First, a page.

The chemosensory systems of E. coli and Salmonella are understood in some detail. This meeting featured bacterial subgroups with more-complex sensory systems than those of these enteric bacteria. Such differences may reflect the more-complex environments in which nonenteric organisms live and the greater flexibility of their metabolism.

The α subgroup of Proteobacteria is being studied intensively (2), and several common signaling themes emerge (Fig. (Fig.3).3). During chemotaxis, Rhizobium meliloti and Rhodobacter sphaeroides vary their swimming speed. Rüdiger Schmitt (University of Regensburg) presented data suggesting that the two CheY homologs identified in R. meliloti control the speed of flagellar rotation. The R. meliloti flagellum neither stops or switches but changes its rate of rotation. CheY2 mutants swim rapidly and are nonchemotactic. CheY1 mutants swim slowly but, when stimulated, increase speed and exhibit weak chemotactic responses (33). These observations suggest that CheY2 slows motor rotation in response to negative chemotactic stimulation, thereby changing the swimming direction of the cell. The two CheY homologs are phosphorylated by the CheA histidine kinase in vitro. There is no homolog of CheZ, the enzyme that facilitates dephosphorylation of CheY-P in many enteric bacteria. However, in the presence of unphosphorylated CheA and CheY1, CheY1-P is rapidly phosphorylated in vitro. Phosphotransfer studies reveal retro-phosphorylation of CheA by CheY2-P. CheA-P, in turn, generates CheY1-P, which acts as a sink for phosphate and thus functionally assumes the role of a phosphatase. This mechanism of dephosphorylation is new and seems to apply to the other members of the α subgroup of Proteobacteria that contain two CheY homologs and no CheZ.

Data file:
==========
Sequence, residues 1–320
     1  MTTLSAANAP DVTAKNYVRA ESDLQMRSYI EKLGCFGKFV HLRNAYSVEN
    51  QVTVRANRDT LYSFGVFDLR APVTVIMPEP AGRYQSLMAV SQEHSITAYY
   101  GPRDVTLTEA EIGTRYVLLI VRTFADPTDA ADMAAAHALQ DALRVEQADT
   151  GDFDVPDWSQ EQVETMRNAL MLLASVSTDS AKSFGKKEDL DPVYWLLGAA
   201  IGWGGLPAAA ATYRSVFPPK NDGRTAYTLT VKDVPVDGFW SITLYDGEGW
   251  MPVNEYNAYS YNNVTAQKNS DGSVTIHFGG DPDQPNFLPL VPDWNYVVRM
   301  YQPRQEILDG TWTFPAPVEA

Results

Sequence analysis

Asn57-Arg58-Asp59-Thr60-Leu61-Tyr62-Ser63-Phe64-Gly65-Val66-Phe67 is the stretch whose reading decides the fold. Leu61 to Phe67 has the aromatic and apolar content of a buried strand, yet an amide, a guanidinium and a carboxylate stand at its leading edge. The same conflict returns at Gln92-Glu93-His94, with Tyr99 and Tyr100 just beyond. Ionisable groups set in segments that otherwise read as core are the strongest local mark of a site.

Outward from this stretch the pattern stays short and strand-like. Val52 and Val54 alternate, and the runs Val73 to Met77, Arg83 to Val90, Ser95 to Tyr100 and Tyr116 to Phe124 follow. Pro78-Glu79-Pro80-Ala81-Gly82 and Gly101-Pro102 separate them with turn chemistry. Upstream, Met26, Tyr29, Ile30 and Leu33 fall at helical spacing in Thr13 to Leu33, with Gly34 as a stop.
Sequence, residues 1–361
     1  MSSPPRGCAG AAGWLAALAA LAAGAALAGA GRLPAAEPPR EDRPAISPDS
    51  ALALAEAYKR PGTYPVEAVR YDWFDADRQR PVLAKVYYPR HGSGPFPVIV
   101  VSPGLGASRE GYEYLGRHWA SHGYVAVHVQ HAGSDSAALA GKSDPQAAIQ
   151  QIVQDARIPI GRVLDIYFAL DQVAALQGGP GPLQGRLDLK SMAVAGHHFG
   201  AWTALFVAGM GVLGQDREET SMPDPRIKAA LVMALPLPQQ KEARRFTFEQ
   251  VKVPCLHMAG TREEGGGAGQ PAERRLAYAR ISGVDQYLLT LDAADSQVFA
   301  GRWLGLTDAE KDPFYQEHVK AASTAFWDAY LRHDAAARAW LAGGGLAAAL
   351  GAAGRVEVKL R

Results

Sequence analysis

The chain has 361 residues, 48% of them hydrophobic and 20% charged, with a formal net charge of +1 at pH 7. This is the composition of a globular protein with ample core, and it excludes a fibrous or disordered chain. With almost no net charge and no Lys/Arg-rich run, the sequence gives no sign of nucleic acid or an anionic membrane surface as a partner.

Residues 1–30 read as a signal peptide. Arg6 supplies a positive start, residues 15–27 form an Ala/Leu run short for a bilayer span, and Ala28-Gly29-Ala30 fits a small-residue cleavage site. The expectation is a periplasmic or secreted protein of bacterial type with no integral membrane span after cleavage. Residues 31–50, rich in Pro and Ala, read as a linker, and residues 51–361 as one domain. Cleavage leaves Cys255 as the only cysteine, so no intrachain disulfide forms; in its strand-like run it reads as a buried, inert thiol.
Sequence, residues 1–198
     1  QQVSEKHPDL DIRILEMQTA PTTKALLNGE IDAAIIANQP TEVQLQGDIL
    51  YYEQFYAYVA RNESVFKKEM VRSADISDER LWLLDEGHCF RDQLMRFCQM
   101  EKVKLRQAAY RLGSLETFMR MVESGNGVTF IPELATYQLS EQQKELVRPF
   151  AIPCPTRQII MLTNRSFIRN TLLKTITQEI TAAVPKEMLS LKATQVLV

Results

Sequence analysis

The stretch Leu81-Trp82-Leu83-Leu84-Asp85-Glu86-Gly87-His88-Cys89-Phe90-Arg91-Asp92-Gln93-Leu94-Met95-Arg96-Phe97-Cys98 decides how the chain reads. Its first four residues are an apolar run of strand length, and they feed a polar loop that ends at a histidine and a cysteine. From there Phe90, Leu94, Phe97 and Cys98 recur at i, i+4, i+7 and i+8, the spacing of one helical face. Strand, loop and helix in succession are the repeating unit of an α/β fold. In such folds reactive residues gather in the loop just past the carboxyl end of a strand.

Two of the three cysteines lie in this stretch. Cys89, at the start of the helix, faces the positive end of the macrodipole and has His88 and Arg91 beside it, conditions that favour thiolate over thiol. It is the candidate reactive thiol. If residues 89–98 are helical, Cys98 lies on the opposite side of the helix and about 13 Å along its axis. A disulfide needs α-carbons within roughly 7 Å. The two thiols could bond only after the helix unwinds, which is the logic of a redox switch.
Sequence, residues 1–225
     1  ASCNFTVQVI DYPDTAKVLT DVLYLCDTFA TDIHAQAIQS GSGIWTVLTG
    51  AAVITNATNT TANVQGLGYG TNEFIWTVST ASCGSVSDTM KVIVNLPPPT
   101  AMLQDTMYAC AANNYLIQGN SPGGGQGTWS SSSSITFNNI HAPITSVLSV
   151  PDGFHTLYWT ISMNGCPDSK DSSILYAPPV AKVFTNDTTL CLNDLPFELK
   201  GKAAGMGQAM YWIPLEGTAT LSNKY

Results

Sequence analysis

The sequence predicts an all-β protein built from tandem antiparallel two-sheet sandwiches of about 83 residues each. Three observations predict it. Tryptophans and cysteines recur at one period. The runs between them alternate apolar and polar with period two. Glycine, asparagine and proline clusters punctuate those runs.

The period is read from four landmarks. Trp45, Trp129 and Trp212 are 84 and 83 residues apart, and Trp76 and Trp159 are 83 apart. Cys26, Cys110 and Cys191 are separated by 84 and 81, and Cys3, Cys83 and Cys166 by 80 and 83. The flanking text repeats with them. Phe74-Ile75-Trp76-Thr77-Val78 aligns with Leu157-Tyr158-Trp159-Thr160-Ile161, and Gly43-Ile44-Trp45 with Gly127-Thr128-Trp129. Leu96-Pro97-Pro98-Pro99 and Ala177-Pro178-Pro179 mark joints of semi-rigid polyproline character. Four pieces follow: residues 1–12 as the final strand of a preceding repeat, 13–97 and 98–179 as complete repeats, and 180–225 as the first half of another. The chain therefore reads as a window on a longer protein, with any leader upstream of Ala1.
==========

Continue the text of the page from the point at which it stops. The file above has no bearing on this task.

FIG. 3